Could A Two Sun System Support A Habitable Planet Or Moon?
A team of University of Texas at Arlington (UTA) astrophysicists are suggesting that a habitable Earth-like planet could exist in a distant solar system recently discovered by NASA’s Kepler Space Telescope.
Kepler-16b, a cold, gaseous planet orbiting two stars — similar to the fictional Tatooine of Star Wars — in the Kepler-16 system, was discovered by Kepler back in September. Based on the discovery, the UTA team conclude that an Earth-like planet could exist in the system’s ‘habitable zone’ — particularly as a moon orbiting Kepler-16b.
Billy Quarles, a doctoral student at UTA, and his colleagues presented their findings this week at the annual American Astronomical Society meeting.
In the study they simulated several possible configurations for a theoretical Earth-like world in the Kepler-16 system. They started by drawing up a “laundry list of parameters” for defining the habitable zone — the region around a star where a planet gets enough heat to host liquid water, essential for life as we know it.
The team assumed that the brighter of the two stars in the Kepler-16 system is the main source of heat and light for any orbiting worlds. Based on the size and temperature of the star, the team determined that the main habitable zone possible around the stars would extend from 34 million to 66 million miles out.
UTA Department of Physics professor Zdzislaw Musielak said in a press release: “This is an assessment of the possibilities. We’re telling them where a planet has to be in the system to be habitable. We’re hoping they will look there.”
“There is less light from the star, so the planet itself has to maintain more heat,” added Quarles.
But with a circular orbit of roughly 65 million miles from the stars, Kepler-16b is on the outer edge of the habitable zone. And while this “Tatooine-like” planet is uninhabitable, an Earth-like moon in Kepler-16b’s orbit could sustain life, the researchers said.
The group is not ready to say whether a moon could have formed alongside the planet. But their simulations suggest a moon could have arrived later in Kepler-16b’s life. The team’s model suggests a planet within the habitable zone may have been thrown out of orbit due to extreme gravitational forces at work in the system. Kepler-16b’s gravitational pull could have attracted the Earth-like planet during its journey outward, turning it from planet to moon.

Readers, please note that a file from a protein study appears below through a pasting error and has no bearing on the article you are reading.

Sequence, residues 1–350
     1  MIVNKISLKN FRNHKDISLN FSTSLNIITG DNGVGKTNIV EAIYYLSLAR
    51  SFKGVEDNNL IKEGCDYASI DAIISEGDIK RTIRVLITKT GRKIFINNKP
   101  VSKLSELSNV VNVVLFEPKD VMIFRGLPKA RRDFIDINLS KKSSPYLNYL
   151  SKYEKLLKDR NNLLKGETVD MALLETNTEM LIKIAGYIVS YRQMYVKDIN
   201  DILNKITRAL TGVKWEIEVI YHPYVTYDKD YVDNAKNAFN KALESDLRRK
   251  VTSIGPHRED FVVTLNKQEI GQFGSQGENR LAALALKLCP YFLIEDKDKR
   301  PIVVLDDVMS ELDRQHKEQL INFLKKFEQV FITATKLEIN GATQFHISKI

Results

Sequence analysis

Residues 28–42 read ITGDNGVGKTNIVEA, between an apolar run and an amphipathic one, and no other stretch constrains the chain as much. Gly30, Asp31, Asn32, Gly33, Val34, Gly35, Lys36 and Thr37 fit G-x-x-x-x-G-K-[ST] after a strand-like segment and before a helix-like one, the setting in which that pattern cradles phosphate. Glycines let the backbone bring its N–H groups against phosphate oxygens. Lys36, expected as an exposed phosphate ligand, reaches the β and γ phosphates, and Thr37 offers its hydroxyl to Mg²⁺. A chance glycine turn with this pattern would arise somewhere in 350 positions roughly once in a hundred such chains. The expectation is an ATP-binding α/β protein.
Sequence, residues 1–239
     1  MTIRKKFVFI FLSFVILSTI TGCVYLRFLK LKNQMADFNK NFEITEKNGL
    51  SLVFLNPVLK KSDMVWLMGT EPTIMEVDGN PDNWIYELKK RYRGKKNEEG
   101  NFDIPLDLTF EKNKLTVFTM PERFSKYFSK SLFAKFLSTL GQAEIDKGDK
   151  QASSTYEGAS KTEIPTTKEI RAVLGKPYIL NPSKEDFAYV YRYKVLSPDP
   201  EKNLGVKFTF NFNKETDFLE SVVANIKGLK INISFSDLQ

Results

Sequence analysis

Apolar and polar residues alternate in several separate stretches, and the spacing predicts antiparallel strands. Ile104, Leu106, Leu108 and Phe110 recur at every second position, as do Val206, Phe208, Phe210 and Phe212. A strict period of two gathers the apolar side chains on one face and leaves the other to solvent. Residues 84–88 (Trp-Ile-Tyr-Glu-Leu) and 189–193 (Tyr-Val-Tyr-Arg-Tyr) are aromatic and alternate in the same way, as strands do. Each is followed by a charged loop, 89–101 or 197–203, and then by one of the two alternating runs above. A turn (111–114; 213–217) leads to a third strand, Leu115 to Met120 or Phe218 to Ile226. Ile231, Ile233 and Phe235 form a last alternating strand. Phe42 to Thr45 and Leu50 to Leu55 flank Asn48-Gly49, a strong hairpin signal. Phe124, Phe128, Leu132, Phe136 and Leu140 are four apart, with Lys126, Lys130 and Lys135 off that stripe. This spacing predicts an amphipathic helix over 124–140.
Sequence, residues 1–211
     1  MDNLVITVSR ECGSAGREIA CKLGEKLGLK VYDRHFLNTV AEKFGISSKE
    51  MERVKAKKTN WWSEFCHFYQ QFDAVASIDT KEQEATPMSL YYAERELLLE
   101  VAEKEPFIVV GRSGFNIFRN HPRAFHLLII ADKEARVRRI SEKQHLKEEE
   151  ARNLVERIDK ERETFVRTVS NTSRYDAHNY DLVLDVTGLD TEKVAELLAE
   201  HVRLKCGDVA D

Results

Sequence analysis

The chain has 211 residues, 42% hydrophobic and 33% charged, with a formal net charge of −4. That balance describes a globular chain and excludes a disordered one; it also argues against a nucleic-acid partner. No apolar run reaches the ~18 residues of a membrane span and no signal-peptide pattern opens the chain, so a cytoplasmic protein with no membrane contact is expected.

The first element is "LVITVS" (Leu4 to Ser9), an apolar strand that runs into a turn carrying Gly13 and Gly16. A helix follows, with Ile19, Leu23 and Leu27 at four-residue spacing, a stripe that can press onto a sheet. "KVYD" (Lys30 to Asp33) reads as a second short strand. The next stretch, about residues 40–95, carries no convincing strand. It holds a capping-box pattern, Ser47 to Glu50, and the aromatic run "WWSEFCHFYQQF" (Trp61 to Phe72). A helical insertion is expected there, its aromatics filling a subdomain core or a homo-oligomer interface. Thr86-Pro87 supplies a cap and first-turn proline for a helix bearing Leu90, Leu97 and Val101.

Such a moon would technically be in the main habitable zone of the Kepler-16 system and—unlike Mars, on the outer edge of the habitable zone in our solar system—the moon would be massive enough to retain an Earth-like atmosphere, the team said.
If astronauts were to discover an Earth-like moon orbiting Kepler-16b, it would be a major first. More than 700 alien planets have been confirmed to exist so far, and Kepler has identified more than 2,000 more potential planets. But no moons have been detected outside our own solar system as of yet.
With the new study, “we can say there are exo-moons possible around Kepler-16b, and what’s important about this is that they are detectable … down to 0.2 Earth masses,” Quarles said.
To do so would require looking for subtle irregularities in the planet’s orbit that could be caused by a moon’s gravitational pull — something Kepler is equipped to do. In fact, a new project using Kepler aims to make the first systematic search for planets with moons. The UTA team’s study suggests Kepler-16b is an ideal candidate for this new project.
In addition to considering the possibility of an Earthlike exo-moon of Kepler-16b, the team considered whether an as-yet undetected Earth-like planet could exist in what they call an extended habitable zone around the Kepler-16 stars.
The results suggest that a planet around 88 million miles from the stars — outside the orbit of the existing planet — could maintain a stable orbit.
That theoretical, far-flung world could retain enough heat for liquid water, Quarles said, if it has “a very drastic atmosphere” of heat-trapping gases such as carbon dioxide and methane.
Pamela Jansma, dean of the UTA College of Science, said the University is proud to have the team of researchers selected from scientists across the country to present at the American Astronomical Society meeting.
“This is the type of work that captures the imaginations of students and gets them excited about exploring a career in science. It’s certain to catch the attention of other researchers and spark even more examination,” she said.
Image Caption: NASA’s Kepler mission has discovered a world where two suns set over the horizon instead of just one. The planet, called Kepler-16b, is the most “Tatooine-like” planet yet found in our galaxy. Tatooine is the name of Luke Skywalker’s home world in the science fiction movie Star Wars. In this case, the planet it not thought to be habitable. It is a cold world, with a gaseous surface, but like Tatooine, it circles two stars. Image credit: NASA/JPL-Caltech/R. Hurt
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